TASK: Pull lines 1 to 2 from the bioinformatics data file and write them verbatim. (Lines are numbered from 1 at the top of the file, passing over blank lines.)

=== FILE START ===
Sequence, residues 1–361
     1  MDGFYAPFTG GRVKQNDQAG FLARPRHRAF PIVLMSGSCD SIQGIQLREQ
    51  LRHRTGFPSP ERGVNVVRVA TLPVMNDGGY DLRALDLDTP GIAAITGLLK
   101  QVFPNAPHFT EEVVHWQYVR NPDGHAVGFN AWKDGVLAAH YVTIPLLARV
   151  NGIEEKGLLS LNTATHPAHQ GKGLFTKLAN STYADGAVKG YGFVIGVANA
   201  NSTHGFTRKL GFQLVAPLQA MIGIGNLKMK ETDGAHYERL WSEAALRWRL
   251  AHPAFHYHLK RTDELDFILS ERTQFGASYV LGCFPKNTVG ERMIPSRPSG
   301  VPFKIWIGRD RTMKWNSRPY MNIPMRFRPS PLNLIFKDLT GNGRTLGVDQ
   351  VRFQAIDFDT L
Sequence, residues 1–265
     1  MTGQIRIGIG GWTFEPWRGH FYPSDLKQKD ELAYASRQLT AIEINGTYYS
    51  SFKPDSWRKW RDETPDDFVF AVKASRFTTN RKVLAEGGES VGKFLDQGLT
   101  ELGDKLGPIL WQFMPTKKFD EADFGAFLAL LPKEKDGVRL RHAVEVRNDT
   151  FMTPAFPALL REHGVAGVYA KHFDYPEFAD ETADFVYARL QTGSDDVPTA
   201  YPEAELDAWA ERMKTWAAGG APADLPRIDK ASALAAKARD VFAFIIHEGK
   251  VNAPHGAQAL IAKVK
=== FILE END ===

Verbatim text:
Sequence, residues 1–361
     1  MDGFYAPFTG GRVKQNDQAG FLARPRHRAF PIVLMSGSCD SIQGIQLREQ